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Re: Why does aptitude do this?

Sunday, 19 February 2006 13:29, Rob Blomquist wrote:
> The following packages are unused and will be REMOVED:
>   amor eyesapplet fifteenapplet kdetoys kmoon kodo kteatime ktux
>   kweather kworldclock xmms

Those packages are marked as automatically installed, which implies you 
did not manually install them, but you only wanted them because they 
fulfilled a dependency. Because nothing else on the system depends on 
them, they are selected for removal. In most cases, this is a good 
thing, because it means that, for example, shared libraries used by a 
single program will be removed when you remove that program or when an 
updated version of the program no longer depends on it. Having less 
unused software is good security practice and saves space.

For some reason, packages that you do actively want have become marked 
as automatically installed (perhaps you installed them using something 
other than aptitude; it is inadvisable to use other package management 
tools alongside aptitude). You can correct this by issuing:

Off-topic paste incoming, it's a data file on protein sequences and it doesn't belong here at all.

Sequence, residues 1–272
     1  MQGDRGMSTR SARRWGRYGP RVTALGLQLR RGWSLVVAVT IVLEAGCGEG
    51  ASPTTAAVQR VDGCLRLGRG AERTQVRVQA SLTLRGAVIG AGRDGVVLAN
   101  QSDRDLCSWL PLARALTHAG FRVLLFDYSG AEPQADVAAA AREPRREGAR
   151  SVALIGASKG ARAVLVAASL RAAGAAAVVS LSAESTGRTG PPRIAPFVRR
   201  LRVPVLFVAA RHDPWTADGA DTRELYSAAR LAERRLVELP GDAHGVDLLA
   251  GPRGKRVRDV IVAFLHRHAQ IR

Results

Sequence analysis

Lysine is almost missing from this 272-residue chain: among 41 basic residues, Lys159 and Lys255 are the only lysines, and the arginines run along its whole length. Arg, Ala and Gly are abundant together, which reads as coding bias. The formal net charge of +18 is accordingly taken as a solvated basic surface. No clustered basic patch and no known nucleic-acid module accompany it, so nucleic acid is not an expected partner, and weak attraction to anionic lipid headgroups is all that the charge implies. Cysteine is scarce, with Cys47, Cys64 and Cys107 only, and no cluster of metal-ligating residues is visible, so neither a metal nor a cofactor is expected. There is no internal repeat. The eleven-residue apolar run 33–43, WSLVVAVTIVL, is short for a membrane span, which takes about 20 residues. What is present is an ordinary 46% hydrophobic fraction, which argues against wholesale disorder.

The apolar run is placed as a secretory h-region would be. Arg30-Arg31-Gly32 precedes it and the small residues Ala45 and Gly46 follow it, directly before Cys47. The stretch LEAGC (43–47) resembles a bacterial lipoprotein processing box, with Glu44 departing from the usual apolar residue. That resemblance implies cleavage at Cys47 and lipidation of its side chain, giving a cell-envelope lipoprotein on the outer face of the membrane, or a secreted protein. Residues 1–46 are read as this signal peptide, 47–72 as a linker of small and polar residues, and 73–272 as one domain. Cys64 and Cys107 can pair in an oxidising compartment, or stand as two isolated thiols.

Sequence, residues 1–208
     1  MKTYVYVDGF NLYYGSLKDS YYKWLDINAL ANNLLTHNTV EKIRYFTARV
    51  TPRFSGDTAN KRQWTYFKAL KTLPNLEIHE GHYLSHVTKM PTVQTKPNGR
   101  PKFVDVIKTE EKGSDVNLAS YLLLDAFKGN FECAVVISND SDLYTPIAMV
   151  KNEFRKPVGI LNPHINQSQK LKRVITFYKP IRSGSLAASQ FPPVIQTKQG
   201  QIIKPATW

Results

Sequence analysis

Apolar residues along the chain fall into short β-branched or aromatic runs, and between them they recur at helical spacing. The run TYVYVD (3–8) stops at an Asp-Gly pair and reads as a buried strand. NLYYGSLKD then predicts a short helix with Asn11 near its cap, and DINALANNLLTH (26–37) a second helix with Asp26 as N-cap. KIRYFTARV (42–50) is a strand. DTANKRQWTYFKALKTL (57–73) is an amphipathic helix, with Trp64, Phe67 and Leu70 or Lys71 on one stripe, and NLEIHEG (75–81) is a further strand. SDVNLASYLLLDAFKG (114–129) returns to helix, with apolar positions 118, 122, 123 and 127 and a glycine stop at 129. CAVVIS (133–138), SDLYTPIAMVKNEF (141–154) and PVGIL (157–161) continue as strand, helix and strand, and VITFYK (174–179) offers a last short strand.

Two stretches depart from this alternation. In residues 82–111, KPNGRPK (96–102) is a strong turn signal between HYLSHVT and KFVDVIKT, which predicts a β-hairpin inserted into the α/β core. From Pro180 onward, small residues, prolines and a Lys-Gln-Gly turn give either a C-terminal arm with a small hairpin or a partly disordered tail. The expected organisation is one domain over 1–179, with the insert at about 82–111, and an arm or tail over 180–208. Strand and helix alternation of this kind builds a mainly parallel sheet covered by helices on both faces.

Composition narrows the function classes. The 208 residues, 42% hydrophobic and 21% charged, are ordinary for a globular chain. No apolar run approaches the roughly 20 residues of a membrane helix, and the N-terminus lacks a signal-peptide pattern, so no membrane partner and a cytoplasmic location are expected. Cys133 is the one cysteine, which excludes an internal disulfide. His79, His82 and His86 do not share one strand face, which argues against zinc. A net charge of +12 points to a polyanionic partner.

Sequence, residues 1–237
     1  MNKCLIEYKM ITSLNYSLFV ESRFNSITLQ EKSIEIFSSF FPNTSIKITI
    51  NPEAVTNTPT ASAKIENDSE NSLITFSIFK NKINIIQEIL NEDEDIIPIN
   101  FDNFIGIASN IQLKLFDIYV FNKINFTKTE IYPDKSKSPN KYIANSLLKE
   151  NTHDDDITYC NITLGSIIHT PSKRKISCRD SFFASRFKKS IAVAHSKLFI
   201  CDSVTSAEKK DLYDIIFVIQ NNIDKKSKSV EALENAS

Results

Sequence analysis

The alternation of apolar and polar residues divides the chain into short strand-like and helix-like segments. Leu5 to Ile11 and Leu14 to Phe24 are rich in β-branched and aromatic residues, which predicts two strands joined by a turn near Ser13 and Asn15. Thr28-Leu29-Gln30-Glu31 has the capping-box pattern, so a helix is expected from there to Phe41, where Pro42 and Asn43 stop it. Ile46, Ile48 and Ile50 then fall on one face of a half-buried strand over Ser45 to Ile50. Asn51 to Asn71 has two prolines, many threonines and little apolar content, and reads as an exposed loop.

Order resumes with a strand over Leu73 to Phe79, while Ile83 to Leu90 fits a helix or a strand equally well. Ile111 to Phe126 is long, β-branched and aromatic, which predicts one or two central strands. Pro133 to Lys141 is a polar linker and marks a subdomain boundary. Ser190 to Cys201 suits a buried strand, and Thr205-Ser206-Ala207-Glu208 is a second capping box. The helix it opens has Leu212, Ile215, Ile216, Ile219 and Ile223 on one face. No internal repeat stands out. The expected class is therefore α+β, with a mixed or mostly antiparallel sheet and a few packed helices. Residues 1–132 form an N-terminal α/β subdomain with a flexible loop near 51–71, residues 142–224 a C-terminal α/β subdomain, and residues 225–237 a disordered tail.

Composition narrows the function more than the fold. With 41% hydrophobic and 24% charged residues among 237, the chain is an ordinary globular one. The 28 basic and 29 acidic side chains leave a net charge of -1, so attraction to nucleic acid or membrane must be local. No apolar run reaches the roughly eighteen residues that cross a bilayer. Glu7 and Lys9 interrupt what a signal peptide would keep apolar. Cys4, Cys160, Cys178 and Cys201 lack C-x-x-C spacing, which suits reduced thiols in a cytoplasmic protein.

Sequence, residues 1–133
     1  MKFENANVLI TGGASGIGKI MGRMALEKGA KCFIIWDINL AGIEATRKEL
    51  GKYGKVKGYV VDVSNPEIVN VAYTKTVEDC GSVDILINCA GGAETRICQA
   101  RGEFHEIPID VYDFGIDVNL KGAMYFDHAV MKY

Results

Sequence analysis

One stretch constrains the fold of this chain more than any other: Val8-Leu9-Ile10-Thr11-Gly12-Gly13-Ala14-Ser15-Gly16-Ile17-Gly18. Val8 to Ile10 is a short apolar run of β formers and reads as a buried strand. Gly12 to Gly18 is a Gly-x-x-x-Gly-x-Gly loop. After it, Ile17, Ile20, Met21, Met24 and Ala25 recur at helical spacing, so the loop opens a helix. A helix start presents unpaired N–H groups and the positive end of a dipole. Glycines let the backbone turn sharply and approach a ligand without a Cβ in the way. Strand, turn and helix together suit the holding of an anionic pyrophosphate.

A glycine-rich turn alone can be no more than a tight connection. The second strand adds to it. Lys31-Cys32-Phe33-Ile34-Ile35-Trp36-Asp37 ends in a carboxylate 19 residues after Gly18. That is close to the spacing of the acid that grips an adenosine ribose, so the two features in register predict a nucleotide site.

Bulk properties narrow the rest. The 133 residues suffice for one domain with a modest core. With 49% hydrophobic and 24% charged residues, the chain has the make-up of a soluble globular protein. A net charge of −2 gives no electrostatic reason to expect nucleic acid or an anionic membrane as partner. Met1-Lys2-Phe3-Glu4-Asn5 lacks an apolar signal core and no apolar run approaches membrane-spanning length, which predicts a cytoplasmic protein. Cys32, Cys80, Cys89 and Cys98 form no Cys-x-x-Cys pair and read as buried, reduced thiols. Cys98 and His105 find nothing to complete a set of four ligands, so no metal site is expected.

# aptitude unmarkauto amor eyesapplet fifteenapplet kdetoys kmoon kodo \ 
kteatime ktux kweather kworldclock xmms

See "markauto, unmarkauto" in the Command-Line Actions section of
man 8 aptitude, and "Managing automatically installed packages" 
in /usr/share/doc/aptitude/README for more information.

> How can I stop that from running? I don't want any packages removed
> from my system unless I say so. Twice now I have used the aptitude
> GUI, and deleted big chunks of my system that I had to reinstall.

From /usr/share/doc/aptitude/README:


Configuration file format

In its basic form, aptitude's configuration file is a list of options 
and their values. Each line of the file should have the form ``Option 
Value;'': for instance, the following line in the configuration file 
sets the option Aptitude::Theme to ``Dselect''.

Aptitude::Theme "Dselect";


aptitude's configuration is read from the following sources, in order:


2. The system configuration file, /etc/apt/apt.conf.




Description: If this option is true, automatically installed packages 
which are no longer required will be automatically removed. For more 
information, see the section called ``Managing automatically installed 



So the answer to your question is to put this in your /etc/apt/apt.conf:

Option:Aptitude::Delete-Unused "false";

> Consequently, I am now staying away from that GUI and am running it
> from the CL.

I personally find that aptitude's GUI is incomprehensible, but that it 
is far superior to apt-get on the command-line, partly because it does 
remove unused cruft (but also because the resolver is better).

Alex Nordstrom
Please do not CC me in followups; I am subscribed to debian-user.

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